Henry Boot steps into our story in 1920. Joiner and builder from Sheffield, he set up his company in 1886 and achieved rapid expansion. The company was the first building company to be listed on the London Stock Exchange. In the same year, 1919, Boot’s eldest son, Charles, took the lead. With a keen interest in house building, his company’s prospectus of 1919 refers to the ‘immense field for commercial enterprise opened up by this enormous volume of construction’. (4)
Building contracts under the Addison Act started with an average size of 40 dwellings and, for contracting purposes, most local authorities split any planned large estates into small lots and this suited the building firms operating at the end of the War. As more councils began to build – there were 4,400 ministry-approved council housing schemes by 1922 – they needed economy of scale and speed.
With inflation and a scarcity of labour and materials, many smaller firms struggled to get finance. The work was there but they needed capital to get their schemes off the ground. BRDC had some experience of this; there were no difficulties with quality but some tender advertisements had a poor response.
Crucially, £300,000 raised as capital through their flotation gave Henry Boot & Sons the edge. The company was able to take advantage of the option to submit prices for groups of villages.
In April 1920 the Housing Commissioner received a proposal from Henry Boot that the company take on all of BRDC’s remaining sites and those of adjoining districts, including Towcester RDC. Boot’s offer was accepted. Charles Boot hosted a meeting at his London office in July attended by the Housing Commissioner, Lawrence Dale and Mr Fisher to thrash out details of the contract, including an agreement that the council would pay for building materials as and when they were delivered on site.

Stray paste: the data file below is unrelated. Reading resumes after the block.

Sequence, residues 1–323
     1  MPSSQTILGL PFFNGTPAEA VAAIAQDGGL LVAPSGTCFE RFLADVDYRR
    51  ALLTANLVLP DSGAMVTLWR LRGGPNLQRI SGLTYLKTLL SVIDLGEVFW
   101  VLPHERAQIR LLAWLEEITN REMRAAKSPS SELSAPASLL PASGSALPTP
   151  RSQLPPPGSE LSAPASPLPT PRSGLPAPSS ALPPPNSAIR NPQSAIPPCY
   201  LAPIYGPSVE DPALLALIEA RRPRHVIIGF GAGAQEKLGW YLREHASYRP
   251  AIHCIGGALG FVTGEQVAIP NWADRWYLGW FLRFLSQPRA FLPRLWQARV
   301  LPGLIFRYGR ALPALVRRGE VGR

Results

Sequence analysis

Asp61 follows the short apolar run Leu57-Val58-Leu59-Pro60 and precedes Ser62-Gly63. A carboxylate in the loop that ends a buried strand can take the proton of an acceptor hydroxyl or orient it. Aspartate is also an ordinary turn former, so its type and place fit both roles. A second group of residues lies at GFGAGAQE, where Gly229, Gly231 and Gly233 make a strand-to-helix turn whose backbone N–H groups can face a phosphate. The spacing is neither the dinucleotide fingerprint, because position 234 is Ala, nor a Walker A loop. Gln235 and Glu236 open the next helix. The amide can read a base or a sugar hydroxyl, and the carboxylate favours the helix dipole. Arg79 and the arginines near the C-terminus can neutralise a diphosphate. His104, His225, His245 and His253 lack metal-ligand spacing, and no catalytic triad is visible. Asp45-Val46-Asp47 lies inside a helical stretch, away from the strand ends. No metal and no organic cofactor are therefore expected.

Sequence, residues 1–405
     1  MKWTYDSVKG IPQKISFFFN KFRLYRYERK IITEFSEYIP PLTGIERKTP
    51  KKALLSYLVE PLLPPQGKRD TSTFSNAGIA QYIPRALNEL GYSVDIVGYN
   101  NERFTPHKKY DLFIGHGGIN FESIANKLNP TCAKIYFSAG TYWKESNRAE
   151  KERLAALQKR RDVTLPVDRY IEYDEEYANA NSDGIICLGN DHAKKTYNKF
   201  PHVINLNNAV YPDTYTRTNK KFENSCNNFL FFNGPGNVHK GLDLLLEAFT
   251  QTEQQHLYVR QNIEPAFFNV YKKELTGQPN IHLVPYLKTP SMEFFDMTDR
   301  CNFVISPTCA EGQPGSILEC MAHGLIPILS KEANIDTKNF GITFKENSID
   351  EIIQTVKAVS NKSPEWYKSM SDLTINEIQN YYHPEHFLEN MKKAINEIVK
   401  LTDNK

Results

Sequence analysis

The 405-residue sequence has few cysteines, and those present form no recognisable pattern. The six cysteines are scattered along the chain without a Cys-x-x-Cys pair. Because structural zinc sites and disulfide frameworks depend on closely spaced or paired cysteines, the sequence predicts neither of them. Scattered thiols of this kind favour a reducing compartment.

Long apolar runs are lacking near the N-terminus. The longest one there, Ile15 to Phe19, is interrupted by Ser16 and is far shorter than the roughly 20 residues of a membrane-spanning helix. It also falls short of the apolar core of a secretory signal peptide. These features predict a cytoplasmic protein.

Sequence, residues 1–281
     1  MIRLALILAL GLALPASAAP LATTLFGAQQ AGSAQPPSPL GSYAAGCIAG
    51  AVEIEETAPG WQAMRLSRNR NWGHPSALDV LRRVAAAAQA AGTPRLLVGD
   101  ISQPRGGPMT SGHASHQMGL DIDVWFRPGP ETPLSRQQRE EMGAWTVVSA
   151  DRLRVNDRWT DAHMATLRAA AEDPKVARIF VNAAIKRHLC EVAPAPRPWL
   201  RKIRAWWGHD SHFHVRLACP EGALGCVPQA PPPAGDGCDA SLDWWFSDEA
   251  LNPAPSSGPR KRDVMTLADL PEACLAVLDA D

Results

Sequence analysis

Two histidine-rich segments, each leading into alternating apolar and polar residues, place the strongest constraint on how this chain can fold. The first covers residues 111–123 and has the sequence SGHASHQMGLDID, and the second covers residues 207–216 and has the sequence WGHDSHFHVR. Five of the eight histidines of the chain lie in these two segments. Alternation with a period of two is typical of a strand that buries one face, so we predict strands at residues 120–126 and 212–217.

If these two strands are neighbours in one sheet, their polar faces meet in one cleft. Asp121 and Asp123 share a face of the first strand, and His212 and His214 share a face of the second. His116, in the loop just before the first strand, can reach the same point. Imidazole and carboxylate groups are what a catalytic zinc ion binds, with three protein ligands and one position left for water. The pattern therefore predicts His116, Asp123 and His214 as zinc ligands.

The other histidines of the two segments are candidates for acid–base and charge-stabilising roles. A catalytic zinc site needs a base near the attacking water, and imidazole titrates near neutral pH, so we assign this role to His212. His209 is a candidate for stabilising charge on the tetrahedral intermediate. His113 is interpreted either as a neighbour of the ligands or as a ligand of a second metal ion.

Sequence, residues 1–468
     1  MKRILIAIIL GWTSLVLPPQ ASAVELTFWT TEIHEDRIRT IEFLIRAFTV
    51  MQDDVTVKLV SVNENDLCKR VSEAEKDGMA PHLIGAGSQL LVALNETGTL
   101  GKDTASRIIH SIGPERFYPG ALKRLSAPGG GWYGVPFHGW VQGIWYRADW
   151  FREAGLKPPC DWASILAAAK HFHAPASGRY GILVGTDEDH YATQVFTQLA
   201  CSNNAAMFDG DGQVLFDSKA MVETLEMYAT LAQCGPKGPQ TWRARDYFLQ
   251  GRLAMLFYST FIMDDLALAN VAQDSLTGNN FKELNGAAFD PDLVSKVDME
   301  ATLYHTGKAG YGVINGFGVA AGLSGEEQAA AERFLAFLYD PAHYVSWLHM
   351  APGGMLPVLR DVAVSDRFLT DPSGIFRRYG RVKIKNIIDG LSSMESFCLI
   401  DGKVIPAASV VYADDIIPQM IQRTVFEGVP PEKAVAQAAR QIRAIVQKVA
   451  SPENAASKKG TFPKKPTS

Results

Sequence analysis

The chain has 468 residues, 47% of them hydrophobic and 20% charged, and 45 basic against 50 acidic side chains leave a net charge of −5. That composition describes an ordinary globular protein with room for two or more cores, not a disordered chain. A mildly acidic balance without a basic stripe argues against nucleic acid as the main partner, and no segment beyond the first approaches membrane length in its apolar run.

Boot & Sons built 128 of the 170 houses. Operating concurrently on 16 sites, the value of their contract was £126,934. Their work included the larger sites e.g. at Hook Norton (26 houses), Tadmarton (14), East Adderbury (22). Local carpenter, Percy Alcock, quickly became Boots’ foreman and then site agent for all 16 sites.
With so much going on, transport became an issue. Mr Gander was already using a council-owned motor-bicycle; the council bought a Ford light van and a motor-bicycle and side-car for Boots’ foremen on condition that they would be auctioned at the end of the contract.